Friday, December 07, 2012

The City of Ice and Glass

The city was covered in snow as we drove in past giant new buildings.  We drove past the bike stadium that looked like a giant helmet, and other turquoise-wrapped glass stadiums.  We checked into the palatial Rixos Hotel and settled into lavishness.  After a long day, I headed down to the spa and bumped into a few of the Dellas in the Turkish hamam.  I explained how the marble bathhouse worked and we all lounged on heated marble slabs and splashed around in the marble basins.  After the hamam, we alternated between the Finnish spa and a eucalyptus-tinged steamroom that was like swimming in a cough drop.

The following day was a rest day, and we lounged about the spa and hotel.  I had my bloooody mari fiasco to start the day, and decided I needed some fresh air as well as a very necessary camera battery charger.  It was about –10C outside, so I threw on the gloves and earmuffs, and trudged out in the cold over to the nearby mall.  The cold nipped and bit, and froze the snot a bit in my nose, but was actually not so bad.  I found the TechnoDum (TechnoHouse) and swam my way through linguistic confusion to get a new camera battery but no charger. 

After a nap, I went to visit the giant golden glass egg tower.  The tower has something to do with a Kazakh legend about a golden egg and a dragon.  The tower gave a wonderful panoramic view of the city, I had fun snapping pics and taking in the view. 

That night, we all went out ice skating.  If God wanted me on ice, he would have made me a zamboni.  But I did fine and didn’t break anything.  The Dellas were much better skaters than me, but it was all in good fun.  After the ice skating, we hopped a gypsy cab with a bullet hole in the window over to a restaurant called Fusion.  It had American food, Kazakh food and Sushi, with tons of pics of American celebs decorating the wall and terrible covers piped through the sound system.  I decided to try the horse sausages, which surprisingly good.  It tasted a bit like Moroccan mergez, and was spiced nicely.  I had heard that horse could be dry, but this was flavorful.

On Friday, we had a concert over at the Astana Hotel, which had a new performance center.  The Dellas were performing that night with a traditional Kazakh music group named Kok Tukilier.  They bonded immediately over the collaboration pieces and different instruments.  It was fun to watch these musicians with no real common language communicate so quickly.

Later, when the band was doing a final sound check before the show, the sound was acting up and giving huge feedback blasts.  As the show started, it appeared that one of the speakers had blown.  After a first song with poor song, the Dellas called out to the audience that they would need to go unplugged.  Thankfully, the room hall was shaped to be like a yert, and was amenable to an acoustic show.  They invited the audience to come a little closer and rolled with it.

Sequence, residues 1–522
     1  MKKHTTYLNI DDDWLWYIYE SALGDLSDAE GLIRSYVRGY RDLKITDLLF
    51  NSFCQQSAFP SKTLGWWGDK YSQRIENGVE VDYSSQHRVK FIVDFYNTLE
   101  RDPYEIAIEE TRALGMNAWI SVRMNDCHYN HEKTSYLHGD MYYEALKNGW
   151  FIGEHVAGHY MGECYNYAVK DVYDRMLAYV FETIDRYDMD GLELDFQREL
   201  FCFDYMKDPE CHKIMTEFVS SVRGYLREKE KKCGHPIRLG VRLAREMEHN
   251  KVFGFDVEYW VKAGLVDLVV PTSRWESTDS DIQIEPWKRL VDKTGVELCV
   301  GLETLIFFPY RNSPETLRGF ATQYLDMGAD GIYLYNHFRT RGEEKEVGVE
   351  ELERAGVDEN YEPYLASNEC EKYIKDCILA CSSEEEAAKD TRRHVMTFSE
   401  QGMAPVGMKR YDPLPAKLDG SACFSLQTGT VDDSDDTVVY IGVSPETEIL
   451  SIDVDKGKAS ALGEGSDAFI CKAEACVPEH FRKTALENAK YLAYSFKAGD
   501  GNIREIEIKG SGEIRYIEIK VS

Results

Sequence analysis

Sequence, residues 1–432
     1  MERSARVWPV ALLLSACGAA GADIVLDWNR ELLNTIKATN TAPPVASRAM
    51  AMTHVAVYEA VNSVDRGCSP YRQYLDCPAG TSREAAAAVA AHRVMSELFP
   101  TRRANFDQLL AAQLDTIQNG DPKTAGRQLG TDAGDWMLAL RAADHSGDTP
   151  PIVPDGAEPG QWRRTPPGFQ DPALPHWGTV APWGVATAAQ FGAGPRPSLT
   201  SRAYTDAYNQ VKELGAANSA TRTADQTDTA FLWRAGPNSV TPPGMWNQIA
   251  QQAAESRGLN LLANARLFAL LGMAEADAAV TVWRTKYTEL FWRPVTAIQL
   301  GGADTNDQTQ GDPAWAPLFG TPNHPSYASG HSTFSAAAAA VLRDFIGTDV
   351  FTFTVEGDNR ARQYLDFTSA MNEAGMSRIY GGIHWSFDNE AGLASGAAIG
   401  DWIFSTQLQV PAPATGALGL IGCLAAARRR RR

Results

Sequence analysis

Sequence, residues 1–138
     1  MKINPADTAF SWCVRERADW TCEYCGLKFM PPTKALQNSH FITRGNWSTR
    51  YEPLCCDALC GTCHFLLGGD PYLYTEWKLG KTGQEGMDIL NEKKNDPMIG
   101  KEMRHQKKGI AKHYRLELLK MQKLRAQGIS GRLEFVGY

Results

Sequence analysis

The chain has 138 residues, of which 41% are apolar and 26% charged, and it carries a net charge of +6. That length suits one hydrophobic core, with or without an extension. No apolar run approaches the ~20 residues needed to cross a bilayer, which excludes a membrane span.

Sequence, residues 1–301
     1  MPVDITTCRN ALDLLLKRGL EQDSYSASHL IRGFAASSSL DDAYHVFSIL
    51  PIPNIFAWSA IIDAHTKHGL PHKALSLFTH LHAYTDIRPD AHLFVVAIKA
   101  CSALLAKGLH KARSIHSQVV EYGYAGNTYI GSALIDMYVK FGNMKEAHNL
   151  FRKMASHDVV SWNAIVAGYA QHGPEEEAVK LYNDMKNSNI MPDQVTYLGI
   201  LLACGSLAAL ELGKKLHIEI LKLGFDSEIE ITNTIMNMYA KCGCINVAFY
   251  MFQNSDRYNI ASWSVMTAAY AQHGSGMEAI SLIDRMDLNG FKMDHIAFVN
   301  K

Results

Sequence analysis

As people were moving down, a cameraman with a video camera took a step backwards and backed into a stair set coming down from the stage.  He started tumbling backwards on the stairs and his camera on tripod with him over his head.  I was in striking distance, so I did a dive-cradle under his camera and caught it before it hit the ground.  He was appreciative, to say the least.

And the Della Mae Unplugged concert was terrific.  It gave a whole different feel to their show, with a bit more intimacy that the acoustic show offered.  The preparations earlier with the Kazakh musicians all became a little unhinged since the sound system was turned off, but the two ensembles rolled with it too, and it all worked out very well.

Being the wonderful cultural diplomatesses that they are, prior to leaving on tour the Dellas had requested if they could play at orphanages while on tour.  Posts were pleased to accommodate, and on Saturday morning we headed over to an orphanage in Astana.  It was one of the more poignant programs I have ever seen.  The kids were adorable, ranging in age from 8 to 16.  They were so appreciative to have Della Mae come play for them.  And the most heart-warming moment was when the Dellas taught the kids to sing “This little light of mine.”  The kids sang along perfectly, it was hard not to get a little misty.

After the show, the Dellas played with the kids, letting them strum their instruments and just have some affection.  The kids showed the Dellas their dorm rooms and their art areas. 

We then drove to the Khan Shatyr Mall, a giant wrapped turquoise glass mall that resembles a giant tent.  The mall is famous for its beach on the top floor.  Yes, it has a real beach with real sand (with a wave pool, I think) that you can visit for $40.  Its funny, in deserts of Dubai, you can play in the snow and go skiing in the mall; in the frozen steppes of Astana, you can put your feet in the sand.